How to set your iPhone’s brightness to -1

Justin Searls published a nifty post with animated GIF images that explain how to enable a low light filter on an iPhone running iOS 8. This is super helpful when reading in a dark room, and I’m stoked I don’t have to jailbreak. The end result: triple–click your home button to toggle the low light filter. Squee!

Caveat when upgrading from Google Authenticator 2.0.0 to 2.0.1 (iOS)

If you upgraded to Google Authenticator 2.0.0 (see my last post) and recreated all your account tokens, I’d like to warn you.

Your old account tokens will be restored. This means it’ll be difficult to determine which ones are current.

Solution: Rename your current accounts before upgrading from 2.0.0 to 2.0.1 with these steps:

  1. Tap the pencil icon located at the top right corner.
  2. Tap on the name of each field to edit.
  3. When you’re done, tap the check mark located at the top right corner.

Google Authenticator 2.0.1 - Edit Step 1 Google Authenticator 2.0.1 - Edit Step 2

After you upgrade, you can confirm the new tokens still work, then delete the old ones.

How to split huge PDF documents for free

How to split PDFs for free

At work, one of the attorneys had a humongous PDF document she needed to email a lot of other attorneys outside the office. I tried extracting pages with an old version of Adobe Acrobat (v5), but the original file still kept the same size (despite having deleted the pages).

With open source (free) software, I split the document into two separate files in a couple minutes.

Required: PDFCreator

Once you install that, open your PDF document (original_superlongdocument.pdf) in your preferred reader. Now, go to File > Print. Change your printer to PDFCreator, then change your page range so you’re only “printing” half the document. If you have a 1,000 page document, set it to 1-500.

Follow the prompts and save that new PDF file — just not over your original. (superlongdocument_a.pdf)

Now, repeat for pages 501-1000 and save that one with a different filename. (superlongdocument_b.pdf)

My new geotagging workflow with the Amod AGL3080 and Lightroom (Windows)

After my trip to my Hawaii, I finally realized how much I want a GPS data logger for geotagging. So, after the TWIP recommendation for the Amod AGL3080 GPS Data Logger and a bit of reading, I decided to buy one.

Oh yeah, it helped that Semsons is literally a mile from me — and they allow for pickup! That saved me eight bucks. Note: I’m not affiliated with Semsons. I bought the device with my own money.

I went for a drive to get some ice cream, then In-N-Out. I took a few photos while I was out, of course.

Back at home, I plugged in my Amod AGL3080 and copied the log file to my desktop.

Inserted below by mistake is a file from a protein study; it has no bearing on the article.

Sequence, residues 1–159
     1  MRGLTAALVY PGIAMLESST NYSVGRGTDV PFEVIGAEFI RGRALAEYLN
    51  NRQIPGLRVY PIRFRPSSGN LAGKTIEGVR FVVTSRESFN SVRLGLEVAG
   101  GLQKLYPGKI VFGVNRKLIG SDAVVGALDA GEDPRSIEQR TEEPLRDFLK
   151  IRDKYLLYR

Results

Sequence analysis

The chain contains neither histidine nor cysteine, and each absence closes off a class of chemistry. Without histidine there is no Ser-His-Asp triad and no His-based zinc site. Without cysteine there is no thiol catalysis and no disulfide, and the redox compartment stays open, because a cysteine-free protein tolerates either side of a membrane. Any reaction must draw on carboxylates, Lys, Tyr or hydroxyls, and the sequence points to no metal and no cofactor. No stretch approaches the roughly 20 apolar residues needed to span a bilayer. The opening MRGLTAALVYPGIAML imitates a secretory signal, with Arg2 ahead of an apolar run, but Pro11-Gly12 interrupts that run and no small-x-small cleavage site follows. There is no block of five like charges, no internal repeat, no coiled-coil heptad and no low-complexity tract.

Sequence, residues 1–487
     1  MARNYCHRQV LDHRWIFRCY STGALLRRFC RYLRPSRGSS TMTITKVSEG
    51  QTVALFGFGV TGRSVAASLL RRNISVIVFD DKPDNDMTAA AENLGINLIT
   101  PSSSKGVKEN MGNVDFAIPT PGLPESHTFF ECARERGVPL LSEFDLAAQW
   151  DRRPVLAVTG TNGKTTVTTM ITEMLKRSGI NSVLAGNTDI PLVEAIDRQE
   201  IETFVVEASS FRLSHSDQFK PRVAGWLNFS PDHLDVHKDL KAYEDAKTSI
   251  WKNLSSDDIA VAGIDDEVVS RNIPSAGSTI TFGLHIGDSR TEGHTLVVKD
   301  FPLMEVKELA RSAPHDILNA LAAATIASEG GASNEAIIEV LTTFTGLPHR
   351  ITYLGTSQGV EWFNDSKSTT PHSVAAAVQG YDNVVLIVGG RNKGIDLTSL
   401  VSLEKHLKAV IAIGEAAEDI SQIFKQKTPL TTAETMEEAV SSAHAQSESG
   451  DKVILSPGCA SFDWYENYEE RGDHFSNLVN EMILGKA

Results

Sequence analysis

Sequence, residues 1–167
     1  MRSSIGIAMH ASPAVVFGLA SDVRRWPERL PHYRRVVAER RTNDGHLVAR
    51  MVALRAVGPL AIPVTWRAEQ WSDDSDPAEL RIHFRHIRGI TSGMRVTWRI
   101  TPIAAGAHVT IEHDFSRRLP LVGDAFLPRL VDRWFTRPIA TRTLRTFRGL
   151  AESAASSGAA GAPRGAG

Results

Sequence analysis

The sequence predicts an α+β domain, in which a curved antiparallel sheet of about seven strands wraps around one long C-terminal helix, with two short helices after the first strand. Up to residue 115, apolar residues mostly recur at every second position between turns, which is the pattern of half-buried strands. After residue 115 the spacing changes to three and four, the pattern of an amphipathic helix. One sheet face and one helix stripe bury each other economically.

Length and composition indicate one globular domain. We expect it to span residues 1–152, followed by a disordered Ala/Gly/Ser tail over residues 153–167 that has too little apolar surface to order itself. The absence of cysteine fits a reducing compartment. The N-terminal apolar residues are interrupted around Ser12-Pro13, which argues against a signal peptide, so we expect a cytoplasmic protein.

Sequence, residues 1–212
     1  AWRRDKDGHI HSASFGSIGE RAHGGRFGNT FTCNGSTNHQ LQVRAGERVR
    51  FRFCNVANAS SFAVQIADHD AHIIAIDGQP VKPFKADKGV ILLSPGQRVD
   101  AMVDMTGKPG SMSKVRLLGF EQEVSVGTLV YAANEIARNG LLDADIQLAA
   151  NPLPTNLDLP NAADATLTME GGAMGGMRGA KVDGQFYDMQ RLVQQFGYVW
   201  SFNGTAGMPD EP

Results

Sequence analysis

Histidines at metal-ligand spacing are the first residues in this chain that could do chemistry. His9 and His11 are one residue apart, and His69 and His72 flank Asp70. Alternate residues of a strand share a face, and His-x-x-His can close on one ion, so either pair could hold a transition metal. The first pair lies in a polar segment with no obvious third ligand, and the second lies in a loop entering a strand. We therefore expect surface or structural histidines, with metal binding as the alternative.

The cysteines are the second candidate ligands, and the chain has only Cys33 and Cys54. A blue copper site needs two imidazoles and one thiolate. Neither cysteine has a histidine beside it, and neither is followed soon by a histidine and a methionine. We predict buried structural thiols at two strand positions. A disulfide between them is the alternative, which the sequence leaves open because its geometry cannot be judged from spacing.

I ran the GPSBabel (GUI) to convert the log file so GeoSetter could read it. Set the input format to NMEA 0183 sentences, choose the log file on your desktop, then choose an output format and new filename. For GeoSetter, choose GPX XML.

If you want to make a map with Google Earth, choose Google Earth (Keyhole) Markup Language. Then, you can open that log file and visually see the route like so:

Google Earth screenshot of my test route using the Amod AGL3080

Import your photos into your Lightroom as usual. I don’t use the DNG format right now — I keep the original RAW files and use XMP sidecar files.

Run GeoSetter and set the file options for the type of photos your working with. I enable “Save data in XMP sidecar files.”

Now, navigate to the photos and select all the photos your log file applies to. Then, go to Images > Synchronize with GPS Data Files (Ctrl+G). Since I’m at home, I used the Local Windows Settings for the time adjustment. (I’m sure I need more research on this section, but this’ll work for now.)

Click OK, then it’ll popup a box confirming the photos that the log applies to. Click YES, and it’ll write the locations for each photos, prompting for the different sublocations if applicable. (How’s that for more details?)

Your last step in GeoSetter is to save that data to the XMP files. Ctrl+S does the trick, backs up the original XMP files, and writes the new ones.

Finally, in Lightroom, select the photo(s) you just geotagged in GeoSetter, right-click and go to Metadata > Read metadata from file. It’ll throw up one last warning, but you’ll be fine — click Read.

Now, if you look at the metadata on the right pane (Loupe View in Library), Location should be filled in. Also, notice the plethora of additional keywords? Flickr can read this and I’m sure Picasa Web can, too.

Now, process your photos like normal. When you export your geotagged photos to JPEG and upload them to Flickr, they’ll already be geotagged.

How awesome is that?

Please look at the sources for Mac solutions and other software recommendations.



Updates 6/25/08 2pm PDT

I posted a link to this in the TWIP Flickr group and have already received a couple insightful and encouraging comments that my workflow is legit. (Thanks guys!)

Gunnar Steinn suggested merging points closer than ten meters to keep the GPX file slim. I need to figure this out or someone needs to show me how. Also, don’t edit the photos before geotagging because “it will get lost when you reread the files.” (permalink) That hasn’t happened to me yet, but I’ll be working on them after the fact anyway.

k2pi” also loves the Amod AGL3080, but uses RoboGEO as his software solution. A single user personal license is $39.95. (permalink)

Update 5/26/2009 – I forgot to link to “Geotagging revisited.” It’s an addendum to this post.